‘Trump Effect’ is biggest threat to Hogan in November, Ehrlich says

Former Maryland Gov. Robert L. Ehrlich Jr. (R) said the biggest threat Gov. Lawrence J. Hogan Jr. (R) faces in his bid for a second term is the "Trump Effect" — a higher-than-normal turnout among Democrats and independents fueled by intense anger at the current occupant of the White House. Anti-Trump sentiment caused a scare for Virginia Republicans in November, when Democrats picked up 34 seats in the House of Delegates, a performance no one predicted. (Md. Matters)

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How Democrats running for governor have been raising money

A crowded field of Democrats are elbowing for position before June’s primary, pulling in millions of dollars in hopes of being the party’s nominee to take on Maryland Gov. Larry Hogan. Some candidates are forming networks of small donors, while others are focusing more on checks from large contributors — including celebrities like Dave Chappelle, Domonique Foxworth and Ashley Judd. Capital News Service analyzed the candidates’ campaign finance report data for 2017. Here’s what we found. (Capital News)

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Maryland outlaws ‘sextortion’

“Sextortion” will become a crime in Maryland as of Oct. 1. The state has made it misdemeanor — punishable by up to 10 years in prison — to compel someone to perform a sexual act by threatening to accuse them of committing a crime or other disreputable act, to cause them economic damage, or to damage their property. Maryland’s current rape law prohibits coercing sex by a threat of force. (Daily Record)

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Berliner, Hucker block Leggett’s plan to reform stormwater project contracting

A proposal by County Executive Ike Leggett to reform how the county awards contracts for stormwater management projects ran into County Council opposition Friday and now Leggett is pushing back. The council’s environment committee chair Roger Berliner was joined by fellow council member Tom Hucker to block Leggett’s proposal to change the current contracting method. (Bethesda)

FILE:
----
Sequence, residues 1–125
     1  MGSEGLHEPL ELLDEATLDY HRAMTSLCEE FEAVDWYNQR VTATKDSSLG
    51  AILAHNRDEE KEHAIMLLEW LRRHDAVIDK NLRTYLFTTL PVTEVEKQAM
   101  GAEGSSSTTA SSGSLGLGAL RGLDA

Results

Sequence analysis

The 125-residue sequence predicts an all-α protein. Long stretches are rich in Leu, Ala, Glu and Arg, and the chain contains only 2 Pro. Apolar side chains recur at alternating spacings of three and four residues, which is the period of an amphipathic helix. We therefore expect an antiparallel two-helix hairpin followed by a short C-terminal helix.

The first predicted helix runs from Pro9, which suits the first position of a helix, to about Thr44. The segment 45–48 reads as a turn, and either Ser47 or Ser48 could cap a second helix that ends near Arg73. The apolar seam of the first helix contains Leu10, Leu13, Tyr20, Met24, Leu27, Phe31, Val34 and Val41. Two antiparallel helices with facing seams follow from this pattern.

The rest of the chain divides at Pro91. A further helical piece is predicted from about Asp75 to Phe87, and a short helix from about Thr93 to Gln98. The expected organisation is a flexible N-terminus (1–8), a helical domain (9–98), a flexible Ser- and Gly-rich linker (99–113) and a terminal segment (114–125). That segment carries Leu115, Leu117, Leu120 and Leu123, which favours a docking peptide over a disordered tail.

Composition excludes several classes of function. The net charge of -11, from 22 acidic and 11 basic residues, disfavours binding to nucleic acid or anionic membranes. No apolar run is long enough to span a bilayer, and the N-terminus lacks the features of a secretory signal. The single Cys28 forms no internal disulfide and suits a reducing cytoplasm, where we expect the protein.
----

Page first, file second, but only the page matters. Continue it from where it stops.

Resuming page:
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Gov. Larry Hogan visits Mount Airy

Maryland Gov. Larry Hogan visited Main Street Mount Airy on Wednesday afternoon, his tour taking him to the Mount Airy Volunteer Fire Company, Wagner’s Meats and Moxley’s Wooden Bowls during his time in town. At the fire company, Hogan shook hands with volunteers and staff, was shown equipment and took pictures with members of the fire company. (Carr. Co. Times)

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May 9 // There’s A Cheap And Effective Way To Reduce Gun Violence. Why Aren’t More States Doing It?

Maryland enacted a wide-reaching package of gun violence prevention laws last week, becoming one of just a handful of states to get behind little-known measures that could save hundreds of lives and millions of dollars. The measure, the Public Safety and Violence Prevention Act of 2018, was designed to address urban violence, an issue that gets relatively little attention in the U.S. gun debate — it’s the mass shootings like Newtown, Las Vegas and Parkland that make the headlines — despite accounting for most of the 13,000 firearm homicides and 60,000 nonfatal shootings that take place across the nation each year. (Huff. Post)

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Maryland Gov. Hogan signs education, sexual assault and harassment bills pushed by Democrats

Republican Gov. Larry Hogan on Tuesday signed 213 bills passed by Maryland’s Democrat-dominated General Assembly, including several measures to enhance education, provide free community college and help victims of sexual assault or harassment. Thousands of Maryland students will get free community college under one bill signed by Hogan. Under another, prosecutors may have an easier time convicting serial rapists. More than $500 million more could be pumped into education each year under another measure. And thanks to a new law inspired by the #MeToo movement, state lawmakers accused of sexual harassment will face inquiries from independent ethics investigators, not their colleagues. (Balt. Sun)

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Democratic attorney generals, including Maryland's Frosh, pushing on after New York scandal

Maryland Attorney General Brian Frosh and his Democratic counterparts in other states vowed to continue their legal actions against Trump Administration policies despite the shocking resignation of one of the coalition’s leading litigators: former New York Attorney General Eric Schneiderman. Schneiderman resigned Monday hours after several women were quoted in a New Yorker magazine article saying he had abused them during their relationships, a charge he has denied. “I expect that New York will continue its efforts and so will all the other states involved in the coalition,” Frosh said in an interview. (Balt. Sun)

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